Try to Believe, Though the Going Gets Rough
At the end of last season, we here at On the Forecheck split up the task of grading each of our beloved Nashville Predators for their End of Season Report Cards. By the time I showed up to the party, a lot of the teacher’s pets had been claimed: Forsberg, Johansen, Subban ...all claimed. I steered clear of the Cody McLeods of the world and looked for someone a little less, er, controversial. I settled on Craig Smith. First, obviously, we share a last name and on some level, that means we’re family. Second, his season wasn’t that bad, was it? Well, if you really want to know, you can check it out here, but I’ll give you some of the high—er, lowlights:
“Not only did his goal production drop dramatically, he also took less shots than ever and had more of them blocked than ever before. (Well, that’s a bit of a lie, he had three more shots blocked in the 14-15 season, but he took nearly 100 more that year.) Of course, goals aren’t all that matters, good forwards can also have a huge impact with assists, right?”
Spoiler alert: He didn’t.
Then, I said some things I didn’t mean:
“but he’s trending down. For the money he got paid (4 MILLION), you would’ve expected him to have a much better year.”
And then I said the unforgivable:
“He’s going to need to come back strong next year and make real contributions or we will start looking at other options for that big cap hit.”
Oh, the things we said last night never sound as good the morning after now, do they?
Well, I could sit here and decry my trenchant mouth, apologize, ask for forgiveness, but I’m not doing it. Not today. I’m just going to go ahead and say it:
Obviously, Craig Smith received my message loud and clear. He took the summer, did some soul searching, got back in touch with his inner honey badger, and came back with a vengeance. And guess what? Everything’s comin’ up Smith, baby! That’s right, Craig Smith is BACK! Goals, redirects, snipes, assists, you name it. Like a wizard with a wand, Smith is literally redirecting pucks from the sky directly into the back of the net.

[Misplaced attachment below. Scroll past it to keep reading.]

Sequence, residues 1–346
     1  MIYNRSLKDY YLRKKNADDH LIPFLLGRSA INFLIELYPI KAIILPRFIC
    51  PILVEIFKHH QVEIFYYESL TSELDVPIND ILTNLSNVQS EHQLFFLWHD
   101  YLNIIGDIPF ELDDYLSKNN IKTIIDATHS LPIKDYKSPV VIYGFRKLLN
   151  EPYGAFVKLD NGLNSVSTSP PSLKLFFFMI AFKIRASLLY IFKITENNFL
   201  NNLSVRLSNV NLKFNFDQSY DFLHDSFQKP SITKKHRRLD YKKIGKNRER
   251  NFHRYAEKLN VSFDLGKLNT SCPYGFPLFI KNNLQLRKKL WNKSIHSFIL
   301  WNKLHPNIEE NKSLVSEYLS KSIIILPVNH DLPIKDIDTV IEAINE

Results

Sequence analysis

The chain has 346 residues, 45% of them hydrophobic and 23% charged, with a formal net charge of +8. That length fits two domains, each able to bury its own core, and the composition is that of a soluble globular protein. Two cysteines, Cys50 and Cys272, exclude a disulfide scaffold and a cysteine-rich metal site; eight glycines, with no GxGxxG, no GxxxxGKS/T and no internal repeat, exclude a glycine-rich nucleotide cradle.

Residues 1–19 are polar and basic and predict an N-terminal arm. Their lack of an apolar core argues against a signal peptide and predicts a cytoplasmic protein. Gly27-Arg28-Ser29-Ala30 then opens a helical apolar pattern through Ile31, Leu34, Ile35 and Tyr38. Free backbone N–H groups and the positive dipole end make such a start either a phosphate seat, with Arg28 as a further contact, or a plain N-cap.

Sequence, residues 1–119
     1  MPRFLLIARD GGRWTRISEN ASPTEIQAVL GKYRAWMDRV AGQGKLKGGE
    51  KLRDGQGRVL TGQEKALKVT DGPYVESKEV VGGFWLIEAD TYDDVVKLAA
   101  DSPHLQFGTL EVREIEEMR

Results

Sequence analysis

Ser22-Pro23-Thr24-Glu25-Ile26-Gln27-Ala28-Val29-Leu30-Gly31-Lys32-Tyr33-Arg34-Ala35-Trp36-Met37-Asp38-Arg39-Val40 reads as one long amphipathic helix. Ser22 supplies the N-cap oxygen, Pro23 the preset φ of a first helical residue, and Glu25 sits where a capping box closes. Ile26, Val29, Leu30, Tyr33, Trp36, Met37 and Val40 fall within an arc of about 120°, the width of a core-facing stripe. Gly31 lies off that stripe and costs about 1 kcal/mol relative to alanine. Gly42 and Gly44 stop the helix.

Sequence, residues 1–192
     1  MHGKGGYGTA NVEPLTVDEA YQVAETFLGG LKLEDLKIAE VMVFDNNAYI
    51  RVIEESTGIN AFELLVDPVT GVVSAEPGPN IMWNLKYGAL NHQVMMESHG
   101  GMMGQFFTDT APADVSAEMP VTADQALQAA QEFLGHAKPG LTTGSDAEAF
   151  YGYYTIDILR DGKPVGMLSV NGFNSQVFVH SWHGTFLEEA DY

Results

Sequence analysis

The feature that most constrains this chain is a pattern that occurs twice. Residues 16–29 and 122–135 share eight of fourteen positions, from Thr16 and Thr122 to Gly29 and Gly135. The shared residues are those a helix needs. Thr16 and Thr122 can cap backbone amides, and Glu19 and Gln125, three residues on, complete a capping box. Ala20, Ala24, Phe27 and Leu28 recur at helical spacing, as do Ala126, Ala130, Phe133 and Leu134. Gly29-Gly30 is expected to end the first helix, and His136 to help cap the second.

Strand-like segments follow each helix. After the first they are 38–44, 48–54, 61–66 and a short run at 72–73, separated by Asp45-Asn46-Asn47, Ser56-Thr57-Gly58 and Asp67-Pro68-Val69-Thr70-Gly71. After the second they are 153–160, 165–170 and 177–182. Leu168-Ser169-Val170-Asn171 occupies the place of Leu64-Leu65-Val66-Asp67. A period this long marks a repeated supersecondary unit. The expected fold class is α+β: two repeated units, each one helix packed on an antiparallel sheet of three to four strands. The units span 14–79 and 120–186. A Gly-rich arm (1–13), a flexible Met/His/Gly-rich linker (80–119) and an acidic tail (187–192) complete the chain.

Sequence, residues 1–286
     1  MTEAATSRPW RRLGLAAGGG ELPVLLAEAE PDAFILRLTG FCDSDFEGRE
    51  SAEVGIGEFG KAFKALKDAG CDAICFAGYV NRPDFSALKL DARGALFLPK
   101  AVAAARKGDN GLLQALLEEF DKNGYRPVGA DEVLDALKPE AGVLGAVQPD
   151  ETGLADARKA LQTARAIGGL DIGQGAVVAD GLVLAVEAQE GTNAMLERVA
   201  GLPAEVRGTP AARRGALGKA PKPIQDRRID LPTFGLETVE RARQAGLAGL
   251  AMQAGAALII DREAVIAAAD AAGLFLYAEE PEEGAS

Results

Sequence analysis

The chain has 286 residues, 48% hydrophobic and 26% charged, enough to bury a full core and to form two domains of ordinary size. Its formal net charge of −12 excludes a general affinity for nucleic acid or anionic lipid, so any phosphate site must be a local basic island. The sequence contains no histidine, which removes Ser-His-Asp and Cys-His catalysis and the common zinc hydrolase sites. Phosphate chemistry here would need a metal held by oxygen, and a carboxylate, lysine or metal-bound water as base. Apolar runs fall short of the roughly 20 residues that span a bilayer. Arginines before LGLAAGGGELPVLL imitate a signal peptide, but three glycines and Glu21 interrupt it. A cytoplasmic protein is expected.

The beginning of the season started off great; I had no complains. But then, Kyle Turris - the Turrminator - showed up and the FiST line (Smith-Turris-Fiala) was willed into existence. I had previously wondered if Turris was the catalyst that would lead to a Kevin Fiala reaction, but it seems as though the three of them have formed into an unstoppable compound—an unstoppable compound that scores goals, kicks asses, and takes names. (Cue explosion graphic and 80’s action theme song)
I’m just going to go ahead and call it, this is the Year of Craig Smith—buckle up your Smith belts, because it’s gonna be an awesome ride!
Kate, let’s take a look at the numbers...
History Repeats Itself—Try and You’ll Succeed
Well, Shaun, you’re not wrong that Craig Smith is having an exciting year so far.
But the most frustrating thing for me as a numbers person about Smith has been how many of his underlying numbers have been so great for so long. Even last season, when he couldn’t buy a goal, he was driving offense and creating chances. He, like Colin Wilson, did great things on paper without being able to translate them into everything we might have hoped. The same thing was true for the eye test—“Smithed it” turned into a verb because it was just downright weird that someone could mess up that many prime opportunities.
Let’s take a look at his passing profile, put together by Hockey Graphs’s Ryan Stimson as part of evaluating offensive play. This uses data from 5v5 play in the 2015-16 and 2016-17 seasons, as tracked by Stimson and by Corey Sznajder.
The grey-and-white rings in this chart are quartiles, so a point in the outermost ring means that the player is one of the best 25% of players at his position (forward or defenseman) in the NHL at doing that specific thing. You can see that all seven points for Smith fall in the outermost ring—he’s reliably doing everything at first-line levels.
Stimson doesn’t look at actual production in terms of points here. What he’s looking at are the things that players do that can lead to producing points. The single weakest aspect of Smith’s game here has been making passes to someone who shoots the puck when he receives the pass. And, again, even at that Smith was still doing pretty darn well. Smith was doing good things while he was on the ice, and good things were happening for the whole team while he was on the ice as a result.
Here are his on-ice shot heatmaps, looking at the last few seasons:
In these images, red means more shots were taken from that location relative to what the rest of the league was doing, and blue means fewer shots were taken from that location relative to what the rest of the league was doing. Red is a good thing to see on offense, and blue is a good thing to see on defense—and that’s more or less what we’re seeing with Smith out there.
I mentioned the Predators’ issues with the low slot when we talked about Ryan Johansen, and that does show up with Smith’s offense too, but overall these are some very respectable shot locations over all 200 feet of the rink. Even the much-lamented power play has done some very good things with Smith!
The place where everything falls apart for him, when it does, has been those last couple of inches around the goal, not the rest of the rink. I’d love to see Smith start living up to his potential again, and it looks like we might get that chance.